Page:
-essential oils- peppermint and lavender are great, and eucalyptus will help a sinus headache
-protect your neck with a scarf, esp in windy weather
-use heat or ice, or alternate 5-10 min heat, 5-10 min ice, and always end with heat
-head, face, and neck massage on tender points
I've helped lots of people manage their headaches or migraines, or get rid of them completely! I offer a free in-office or phone consultation, so please get in touch if you want to look and feel your best. I'd love to help you!
Can you believe summer is almost here?! Perhaps you've already noticed feeling more social, having more energy, and just being in a better mood all-around. From a traditional Chinese perspective, that's totally expected. Summertime is when Yang energy is at its peak. Yang is characterized as active, bright, enthusiastic, and extroverted.
In traditional Chinese medicine, you cannot separate a person from their environment. Summer is related to the element of Fire, the Heart, and over-excitement. These factor significantly into a diagnosis and treatment plan. So, how does this change how you feel in the summer? And what can you do about it?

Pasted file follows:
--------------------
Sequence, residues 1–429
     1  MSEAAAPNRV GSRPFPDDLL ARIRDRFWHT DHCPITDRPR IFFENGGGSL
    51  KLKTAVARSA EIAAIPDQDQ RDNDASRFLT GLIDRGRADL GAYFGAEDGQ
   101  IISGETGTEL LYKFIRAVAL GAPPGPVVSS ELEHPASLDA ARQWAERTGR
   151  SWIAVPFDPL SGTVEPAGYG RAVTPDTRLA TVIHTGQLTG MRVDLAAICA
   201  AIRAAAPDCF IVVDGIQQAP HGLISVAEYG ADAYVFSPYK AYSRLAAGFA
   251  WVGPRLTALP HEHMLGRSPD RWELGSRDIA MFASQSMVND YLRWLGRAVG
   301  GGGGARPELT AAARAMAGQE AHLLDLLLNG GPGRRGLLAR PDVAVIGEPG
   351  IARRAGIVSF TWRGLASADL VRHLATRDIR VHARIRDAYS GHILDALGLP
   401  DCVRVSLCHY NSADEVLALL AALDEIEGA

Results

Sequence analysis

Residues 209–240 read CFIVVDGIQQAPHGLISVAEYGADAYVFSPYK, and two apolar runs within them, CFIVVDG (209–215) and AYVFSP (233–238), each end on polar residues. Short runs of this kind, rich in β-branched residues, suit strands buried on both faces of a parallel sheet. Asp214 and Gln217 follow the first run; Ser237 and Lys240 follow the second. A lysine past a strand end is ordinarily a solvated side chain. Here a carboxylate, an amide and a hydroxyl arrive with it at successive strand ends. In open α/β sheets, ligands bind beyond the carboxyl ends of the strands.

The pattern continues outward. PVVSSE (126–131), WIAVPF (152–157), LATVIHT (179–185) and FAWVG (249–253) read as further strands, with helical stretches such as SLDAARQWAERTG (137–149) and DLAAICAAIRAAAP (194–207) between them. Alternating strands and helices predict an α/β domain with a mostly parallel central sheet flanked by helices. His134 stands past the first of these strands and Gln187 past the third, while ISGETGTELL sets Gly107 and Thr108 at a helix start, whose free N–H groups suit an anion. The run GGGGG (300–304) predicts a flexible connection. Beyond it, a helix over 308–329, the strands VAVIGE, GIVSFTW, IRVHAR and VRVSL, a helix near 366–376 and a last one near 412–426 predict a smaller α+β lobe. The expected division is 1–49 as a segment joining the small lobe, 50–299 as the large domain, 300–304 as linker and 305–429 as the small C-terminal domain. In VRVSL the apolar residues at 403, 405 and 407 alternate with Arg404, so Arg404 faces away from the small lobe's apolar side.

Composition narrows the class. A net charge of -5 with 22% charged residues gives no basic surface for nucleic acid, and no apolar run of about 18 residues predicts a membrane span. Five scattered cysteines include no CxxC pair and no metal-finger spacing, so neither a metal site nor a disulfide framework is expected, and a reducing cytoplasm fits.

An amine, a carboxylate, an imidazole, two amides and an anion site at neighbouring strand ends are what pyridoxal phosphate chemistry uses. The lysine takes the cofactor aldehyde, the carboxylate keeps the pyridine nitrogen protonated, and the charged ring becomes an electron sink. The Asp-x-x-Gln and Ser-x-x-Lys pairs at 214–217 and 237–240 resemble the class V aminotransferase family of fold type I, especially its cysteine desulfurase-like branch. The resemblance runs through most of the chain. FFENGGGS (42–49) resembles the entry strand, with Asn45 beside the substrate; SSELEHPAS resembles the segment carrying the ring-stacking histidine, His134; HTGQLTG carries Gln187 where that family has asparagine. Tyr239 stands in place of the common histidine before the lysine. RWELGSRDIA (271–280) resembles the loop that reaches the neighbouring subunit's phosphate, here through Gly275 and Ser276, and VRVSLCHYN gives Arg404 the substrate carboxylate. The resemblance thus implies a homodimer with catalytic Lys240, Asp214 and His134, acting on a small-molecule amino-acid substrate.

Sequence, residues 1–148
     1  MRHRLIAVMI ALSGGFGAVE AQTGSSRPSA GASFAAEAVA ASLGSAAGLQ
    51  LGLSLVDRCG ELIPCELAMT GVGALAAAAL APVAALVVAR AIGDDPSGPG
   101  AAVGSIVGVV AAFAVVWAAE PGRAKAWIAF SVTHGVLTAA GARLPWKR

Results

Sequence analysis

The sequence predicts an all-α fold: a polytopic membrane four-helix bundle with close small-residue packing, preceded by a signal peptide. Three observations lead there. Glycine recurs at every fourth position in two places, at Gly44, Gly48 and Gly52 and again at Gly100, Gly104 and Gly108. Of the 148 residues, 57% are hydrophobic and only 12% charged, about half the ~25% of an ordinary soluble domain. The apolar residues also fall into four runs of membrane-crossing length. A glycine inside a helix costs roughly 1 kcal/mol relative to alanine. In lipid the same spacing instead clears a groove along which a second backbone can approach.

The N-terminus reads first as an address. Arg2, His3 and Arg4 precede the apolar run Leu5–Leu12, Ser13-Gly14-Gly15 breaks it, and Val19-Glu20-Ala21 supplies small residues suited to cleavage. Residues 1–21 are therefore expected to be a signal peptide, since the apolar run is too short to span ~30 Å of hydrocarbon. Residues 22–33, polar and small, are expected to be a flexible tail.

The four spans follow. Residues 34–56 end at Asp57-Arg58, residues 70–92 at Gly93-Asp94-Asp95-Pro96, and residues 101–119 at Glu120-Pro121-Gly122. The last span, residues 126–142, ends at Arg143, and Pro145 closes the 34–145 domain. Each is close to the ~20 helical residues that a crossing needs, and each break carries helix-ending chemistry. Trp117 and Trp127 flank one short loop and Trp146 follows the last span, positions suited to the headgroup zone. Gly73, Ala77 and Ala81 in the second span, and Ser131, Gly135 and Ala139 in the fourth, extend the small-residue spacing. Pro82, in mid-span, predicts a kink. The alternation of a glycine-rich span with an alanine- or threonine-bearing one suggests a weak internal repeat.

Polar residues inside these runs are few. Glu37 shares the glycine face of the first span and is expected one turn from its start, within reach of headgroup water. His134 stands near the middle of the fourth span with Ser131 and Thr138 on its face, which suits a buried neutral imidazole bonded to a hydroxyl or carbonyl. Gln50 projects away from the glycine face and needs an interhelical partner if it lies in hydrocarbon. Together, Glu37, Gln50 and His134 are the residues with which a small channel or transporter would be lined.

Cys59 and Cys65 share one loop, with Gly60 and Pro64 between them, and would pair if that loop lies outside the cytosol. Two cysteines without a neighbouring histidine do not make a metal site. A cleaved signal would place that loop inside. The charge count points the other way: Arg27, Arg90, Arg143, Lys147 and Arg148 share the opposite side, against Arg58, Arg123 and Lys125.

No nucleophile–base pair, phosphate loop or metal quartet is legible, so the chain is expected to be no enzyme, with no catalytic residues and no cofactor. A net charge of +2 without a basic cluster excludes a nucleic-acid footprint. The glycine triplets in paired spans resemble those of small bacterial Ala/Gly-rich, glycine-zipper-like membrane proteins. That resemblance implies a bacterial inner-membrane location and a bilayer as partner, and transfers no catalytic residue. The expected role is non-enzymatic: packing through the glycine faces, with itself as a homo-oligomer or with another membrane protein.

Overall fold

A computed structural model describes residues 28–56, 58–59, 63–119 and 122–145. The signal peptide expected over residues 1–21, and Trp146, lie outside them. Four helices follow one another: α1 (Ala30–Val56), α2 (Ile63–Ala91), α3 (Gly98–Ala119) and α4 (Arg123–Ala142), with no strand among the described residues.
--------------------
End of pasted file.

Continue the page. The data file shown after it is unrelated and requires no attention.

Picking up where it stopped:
We all know people who thrive in the heat. They run around in 90 degree weather with energy to spare. Usually, these people also tend to be playful, charismatic, are quick to connect with others, and enjoy intimacy. This is someone who has a strong and balanced Fire element.
Then, there are others who constantly complain about the heat and feel drained in the summer. Sometimes, these people can be perceived as distant, easily overwhelmed, introverted, and self-centered. This is someone who has a weak and under-expressed Fire element.
On the flip side, someone with an over-abundance of Fire will express symptoms similar to mania, like racing thoughts, difficulty paying attention, decreased need for sleep, inappropriate elation, or markedly increased energy.
If you're someone who tends to have an under-expression of Fire, it is important to focus on encouraging the following qualities in yourself throughout the summer. If you think you have an over-abundance of Fire, your focus should be on appreciating these things, but remembering to keep them in check.